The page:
Universal Soldier 2 is the kind of movie you watch on a dare, or as a challenge on the order of, “oh, I’ll show you what a bad action movie looks like!”  It’s the kind of flick that draws people who feel compelled to see just how awful things can get; the kind of flick for people whose personal collections include not only a shelf full of the best, but also a shelf full of the worst.  It’s the generic house vodka six shelves below the Stoli and one shelf below they stuff they use to polish the bar.  Or, simply put, Universal Soldier 2 is crap on a stick.

Assuming the choice to endure it, there are two ways to deal with wretchedness such as this.  The first is to wince in agony as the pain unfolds and the cardboard underwear model tries to act, hoping that you have enough alcohol on hand to see you through the entire ninety minutes of torture.  Personally, I’d vote for the second, which is to marvel at the lunacy before you and laugh your ass off at how bad it is, hoping that you have enough alcohol on hand to see you through the entire ninety minute party.  Notice the appeal there?

I suspect (but of course cannot prove) that once all of the incentives from various Canadian agencies were used up, Universal Soldier 2 was funded by conspiracies.  The first conspiracy, I think, would have been backed by Roland Emmerich, Jean-Claude Van Damme, and Dolph Lundgren, who all wanted you to miss their work very, very badly.  My circumstantial evidence for this is the opening scene, which is a reshoot of the final duel from Universal Soldier shot with this incarnation’s new cast: former football player Matt Battaglia (Thor) as the heroic Luc Deveraux, and Andrew Jackson (Shadow Builder) as the vile Andrew Scott.  What had been Roland Emmerich’s triumphant directorial moment in the original film is a limp wristed disaster here.  The guys are clueless, the fighting is lame, and if the direction was any more pedestrian, it’d need a crossing guard.  If you didn’t walk in with the foreknowledge that Universal Soldier 2 had originally been made for TV, this scene would be your first clue, and the choice of fonts for the credits would seal the deal.  (You know how made for TV stuff always looks “too clean”?  You get that here, in spades.)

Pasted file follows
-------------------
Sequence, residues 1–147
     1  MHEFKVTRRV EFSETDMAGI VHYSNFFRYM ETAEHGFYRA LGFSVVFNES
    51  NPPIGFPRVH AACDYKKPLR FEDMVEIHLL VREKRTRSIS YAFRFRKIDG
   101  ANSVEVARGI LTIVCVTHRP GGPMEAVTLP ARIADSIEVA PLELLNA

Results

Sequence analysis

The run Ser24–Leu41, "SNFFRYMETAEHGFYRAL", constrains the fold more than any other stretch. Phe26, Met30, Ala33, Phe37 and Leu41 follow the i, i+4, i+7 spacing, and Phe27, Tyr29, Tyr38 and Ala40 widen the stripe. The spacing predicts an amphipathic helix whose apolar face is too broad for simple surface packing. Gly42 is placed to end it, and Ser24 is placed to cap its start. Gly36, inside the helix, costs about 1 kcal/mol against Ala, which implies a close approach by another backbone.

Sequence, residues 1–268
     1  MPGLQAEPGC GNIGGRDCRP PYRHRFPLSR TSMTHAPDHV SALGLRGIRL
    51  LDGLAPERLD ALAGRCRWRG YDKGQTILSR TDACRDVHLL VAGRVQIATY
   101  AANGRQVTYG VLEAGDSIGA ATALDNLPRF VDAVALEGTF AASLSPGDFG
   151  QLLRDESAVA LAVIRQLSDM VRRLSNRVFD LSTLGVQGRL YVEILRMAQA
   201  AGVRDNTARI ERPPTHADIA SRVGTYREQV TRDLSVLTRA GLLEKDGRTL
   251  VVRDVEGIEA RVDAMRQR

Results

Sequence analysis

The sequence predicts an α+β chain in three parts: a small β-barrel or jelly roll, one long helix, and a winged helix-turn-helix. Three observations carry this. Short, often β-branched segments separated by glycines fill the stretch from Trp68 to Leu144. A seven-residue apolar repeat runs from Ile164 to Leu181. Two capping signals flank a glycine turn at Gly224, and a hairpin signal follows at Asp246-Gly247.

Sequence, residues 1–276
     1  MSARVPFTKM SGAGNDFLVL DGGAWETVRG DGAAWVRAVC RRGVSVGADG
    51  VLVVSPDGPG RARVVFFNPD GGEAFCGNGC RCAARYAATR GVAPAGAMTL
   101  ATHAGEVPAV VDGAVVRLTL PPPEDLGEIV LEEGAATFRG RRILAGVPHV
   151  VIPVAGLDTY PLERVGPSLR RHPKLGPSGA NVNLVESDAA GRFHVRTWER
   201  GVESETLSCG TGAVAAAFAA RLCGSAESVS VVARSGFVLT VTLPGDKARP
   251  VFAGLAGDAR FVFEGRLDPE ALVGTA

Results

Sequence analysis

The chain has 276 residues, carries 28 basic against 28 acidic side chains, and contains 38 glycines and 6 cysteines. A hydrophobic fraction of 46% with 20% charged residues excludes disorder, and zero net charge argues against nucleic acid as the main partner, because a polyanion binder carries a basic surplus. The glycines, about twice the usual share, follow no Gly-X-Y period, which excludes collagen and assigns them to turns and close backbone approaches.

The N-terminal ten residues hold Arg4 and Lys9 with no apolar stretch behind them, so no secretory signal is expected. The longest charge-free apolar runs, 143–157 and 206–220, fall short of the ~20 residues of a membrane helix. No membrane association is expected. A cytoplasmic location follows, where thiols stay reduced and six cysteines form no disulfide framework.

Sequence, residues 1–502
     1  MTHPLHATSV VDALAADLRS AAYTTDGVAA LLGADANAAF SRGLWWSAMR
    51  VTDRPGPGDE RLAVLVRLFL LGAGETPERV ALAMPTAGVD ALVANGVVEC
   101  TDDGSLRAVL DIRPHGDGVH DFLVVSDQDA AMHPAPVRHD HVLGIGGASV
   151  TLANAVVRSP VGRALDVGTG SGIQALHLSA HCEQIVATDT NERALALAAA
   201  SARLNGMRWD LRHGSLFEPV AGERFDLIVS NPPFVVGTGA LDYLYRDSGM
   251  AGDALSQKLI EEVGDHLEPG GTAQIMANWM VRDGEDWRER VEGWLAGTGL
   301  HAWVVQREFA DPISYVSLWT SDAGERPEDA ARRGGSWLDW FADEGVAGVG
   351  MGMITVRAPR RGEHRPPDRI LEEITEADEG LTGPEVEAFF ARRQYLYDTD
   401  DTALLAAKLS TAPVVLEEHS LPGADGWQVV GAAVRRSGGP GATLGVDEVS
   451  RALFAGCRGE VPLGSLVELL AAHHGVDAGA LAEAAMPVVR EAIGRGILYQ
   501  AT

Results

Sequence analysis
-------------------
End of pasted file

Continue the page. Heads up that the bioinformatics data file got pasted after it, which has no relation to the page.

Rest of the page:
I suspect that the second conspiracy involved yet another coalition: this one involving Jean-Claude Van Damme and The League of Fed Up Wives and Girlfriends (which may not officially exist, but come on, dudes, you know it does).  Again, Jean-Claude wants you to miss him, and the Fed Up Wives and Girlfriends are sick of your action movies that parade around bikini models reading off of cue cards and try to call them “actresses.”  Their joint solution is the aforementioned Matt Battaglia, who definitely cuts a figure that screams “male underwear model” and who I’m sure is a wonderful guy in real life (in fact he is quite charitable), but who displays all of the acting prowess of the average end table.  Seriously, folks, if you have any pets – including goldfish – I guarantee that your pet is a more compelling actor.  While this may not entirely be his fault – we’ll get there shortly – it’s still damn painful to watch… unless, of course, you’re sporting that winning attitude mentioned earlier, in which case, the guy is funny as hell.  Oh, he’s not trying to be – the comedy’s very much unintentional – but after the third stack of cue cards, you just can’t help but either laugh or cry.